Just because you have no feedback directly from your viewer does not mean you go into monologue.  Any listener needs to feel included to be engaged. 

Make good use of questions during your video presentation.  Using all sorts of different types of questions are a good way to keep your viewer engaged.  Asking hypothetical questions especially are great for stimulating thought and generating some interest during a presentation. 

Preface a line of reasoning with a question on the topic you are about to talk about, this will raise anticipation for what you’re about to say. 

 Ask questions, lots of questions.  Mentally they’ll feel included and will respond, and generally speaking will find your presentation more enjoyable than if were just a monologue.

·        Involve their imagination and get them to think.

Think of interactive things you can get them to do or think about. 

Some things could be asking them to observe what is in the room around them, imagine scenes, asking them to make note of a specific point or maybe even put your hands up if you’ve done this ……..  Granted they may not actually do it, but their mind will be engaged.

Build into your presentation analogies of things they will be familiar with.  Speak about things they will likely be able to see around them.  If you use something emotive your audience will have more of an immersive experience than just listening to a cold monologue.

An Audience and a Camera

There are many situations where this may be the case.  An interview, speech or conference scenario.  This can be a little more complex to gauge to ensure you engage your audience when you are on camera. 

The most important thing to have in mind is your objective. Start by asking yourself some questions like:

  • ·        Who is the most important audience, those in the room or the wider audience?
  • ·        What purpose does the camera serve?
  • ·        What will look more natural to the viewer?

Use the answers to these questions to help you prepare for your presentation.

Let’s take a few examples from politics that most people will be familiar with.

First, we’ve all seen on the news debates in the house of commons.  Politicians will have lively debates that is captured on camera, but the audience in the room is their focus.  So, the MP’s will engage those in the room and pay little to no attention to the cameras. 

A Different scenario.  If the prime minister is being interviewed on T.V, two chairs, interviewer interviewee situation.  The natural thing when asked questions is to speak directly back to the person asking the questions.  This would look natural to a viewer.  Seeing a natural conversation between two people will be more appealing than if the interviewee kept looking down camera instead of at the other person in the room.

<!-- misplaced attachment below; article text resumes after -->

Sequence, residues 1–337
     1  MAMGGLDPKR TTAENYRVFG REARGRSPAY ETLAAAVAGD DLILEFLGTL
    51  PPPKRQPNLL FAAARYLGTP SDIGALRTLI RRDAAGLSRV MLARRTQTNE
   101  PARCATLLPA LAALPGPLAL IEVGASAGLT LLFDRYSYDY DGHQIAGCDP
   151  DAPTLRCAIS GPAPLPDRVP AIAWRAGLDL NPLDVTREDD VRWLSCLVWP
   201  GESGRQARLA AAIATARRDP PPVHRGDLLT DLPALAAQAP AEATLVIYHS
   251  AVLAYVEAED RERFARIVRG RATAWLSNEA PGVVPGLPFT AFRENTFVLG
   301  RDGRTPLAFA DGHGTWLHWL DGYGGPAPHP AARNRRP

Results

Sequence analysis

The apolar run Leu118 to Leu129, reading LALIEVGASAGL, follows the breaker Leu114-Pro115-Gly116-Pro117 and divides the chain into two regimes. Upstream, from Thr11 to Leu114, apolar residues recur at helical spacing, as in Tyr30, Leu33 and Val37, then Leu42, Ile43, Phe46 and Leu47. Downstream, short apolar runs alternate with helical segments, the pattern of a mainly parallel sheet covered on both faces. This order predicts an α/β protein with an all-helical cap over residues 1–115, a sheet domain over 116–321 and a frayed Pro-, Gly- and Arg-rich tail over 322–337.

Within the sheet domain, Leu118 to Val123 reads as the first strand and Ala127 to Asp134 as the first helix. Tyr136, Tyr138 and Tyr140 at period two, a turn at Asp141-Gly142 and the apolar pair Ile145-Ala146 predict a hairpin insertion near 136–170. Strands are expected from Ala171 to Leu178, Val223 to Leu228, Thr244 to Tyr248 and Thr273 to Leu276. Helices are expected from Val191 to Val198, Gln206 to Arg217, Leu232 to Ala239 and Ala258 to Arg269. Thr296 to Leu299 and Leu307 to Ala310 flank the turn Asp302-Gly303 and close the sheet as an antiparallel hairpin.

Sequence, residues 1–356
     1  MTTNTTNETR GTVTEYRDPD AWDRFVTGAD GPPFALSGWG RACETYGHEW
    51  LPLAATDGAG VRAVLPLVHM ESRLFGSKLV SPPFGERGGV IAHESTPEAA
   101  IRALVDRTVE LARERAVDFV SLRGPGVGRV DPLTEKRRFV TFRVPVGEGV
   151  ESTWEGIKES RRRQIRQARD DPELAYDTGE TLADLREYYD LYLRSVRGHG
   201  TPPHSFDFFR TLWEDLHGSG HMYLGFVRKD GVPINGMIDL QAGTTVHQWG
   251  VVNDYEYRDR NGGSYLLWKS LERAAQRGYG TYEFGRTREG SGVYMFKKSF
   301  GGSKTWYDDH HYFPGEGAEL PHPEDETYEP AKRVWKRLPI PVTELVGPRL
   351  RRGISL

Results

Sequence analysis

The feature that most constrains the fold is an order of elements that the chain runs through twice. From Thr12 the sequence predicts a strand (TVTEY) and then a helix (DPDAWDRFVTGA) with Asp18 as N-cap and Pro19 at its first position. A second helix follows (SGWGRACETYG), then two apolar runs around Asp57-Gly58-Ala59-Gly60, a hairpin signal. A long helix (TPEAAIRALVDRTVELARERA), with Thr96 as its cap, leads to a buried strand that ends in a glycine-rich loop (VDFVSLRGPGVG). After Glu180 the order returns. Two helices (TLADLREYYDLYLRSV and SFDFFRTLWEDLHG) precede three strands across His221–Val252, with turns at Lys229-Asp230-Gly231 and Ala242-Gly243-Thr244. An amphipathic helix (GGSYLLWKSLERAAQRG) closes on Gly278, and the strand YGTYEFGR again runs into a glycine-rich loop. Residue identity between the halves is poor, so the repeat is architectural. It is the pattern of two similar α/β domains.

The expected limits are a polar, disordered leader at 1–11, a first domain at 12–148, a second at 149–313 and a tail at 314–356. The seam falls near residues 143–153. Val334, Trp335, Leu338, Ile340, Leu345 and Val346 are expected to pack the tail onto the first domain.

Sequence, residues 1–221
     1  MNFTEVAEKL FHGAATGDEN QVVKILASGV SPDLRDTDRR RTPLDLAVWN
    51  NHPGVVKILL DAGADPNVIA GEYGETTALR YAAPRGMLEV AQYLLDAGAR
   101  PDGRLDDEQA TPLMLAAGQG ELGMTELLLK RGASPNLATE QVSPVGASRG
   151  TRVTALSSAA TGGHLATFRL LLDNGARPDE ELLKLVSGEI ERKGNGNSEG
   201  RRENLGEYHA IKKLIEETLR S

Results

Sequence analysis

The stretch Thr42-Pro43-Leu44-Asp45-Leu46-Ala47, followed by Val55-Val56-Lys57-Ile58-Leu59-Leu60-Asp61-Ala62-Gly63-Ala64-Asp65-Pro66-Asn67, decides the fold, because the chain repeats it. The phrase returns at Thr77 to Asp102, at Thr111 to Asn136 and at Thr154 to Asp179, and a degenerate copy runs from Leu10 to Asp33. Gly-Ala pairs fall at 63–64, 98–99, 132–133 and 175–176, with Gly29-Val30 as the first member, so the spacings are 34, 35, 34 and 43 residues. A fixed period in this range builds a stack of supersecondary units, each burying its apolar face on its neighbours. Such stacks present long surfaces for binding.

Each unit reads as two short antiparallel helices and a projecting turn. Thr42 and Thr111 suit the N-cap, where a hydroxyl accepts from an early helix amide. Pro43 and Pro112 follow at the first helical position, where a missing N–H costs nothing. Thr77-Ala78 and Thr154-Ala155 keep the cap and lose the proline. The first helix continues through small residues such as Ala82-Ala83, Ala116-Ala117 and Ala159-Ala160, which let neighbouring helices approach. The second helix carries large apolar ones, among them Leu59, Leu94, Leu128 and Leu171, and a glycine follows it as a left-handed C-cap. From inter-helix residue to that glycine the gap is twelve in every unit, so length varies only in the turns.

If the prime minister has a speech to deliver at a party conference which will be aired on the news.  The camera will likely be directly in front of Her and the camera will act as an audience member that she would want to keep returning to along with the people present in the room.  

Eye Contact

If you only look at the camera, you will lose connection with those in the room, whereas if you ignore the camera, you will affect the impact on the video audience.

An important aspect of this setting would be your eye contact at critical points.  When making the main points, a speaker will make sure they keep good eye contact to ensure they connect with the audience for that point.  For a powerful impression the speaker could even repeat the main point and look directly to camera ensuring both audiences have full impact. 

For example: ‘state point – audience.  Repeat point – camera

An added benefit of this is that repetition also creates emphasis.

When speech writing mark in your notes specific points you want to highlight and which audience you want to feel the impact.


Having to speak in front of an audience is difficult for some, but it feels like a relatively normal scenario.  Having to speak with a camera directed at you on the other hand is an unusual and sometimes uncomfortable experience.   Being able to engage your audience while on camera starts with your preparation. 

Before we do anything for the first time, it is usually best to ask around.  Ask people who have experience of how to engage an audience when you are on camera or get some training to prepare yourself for having a go.

Our one to one coaching sessions are a great way to get some practice in dealing with this kind of situation, and helping you to give your best when faced with having to speak into a camera.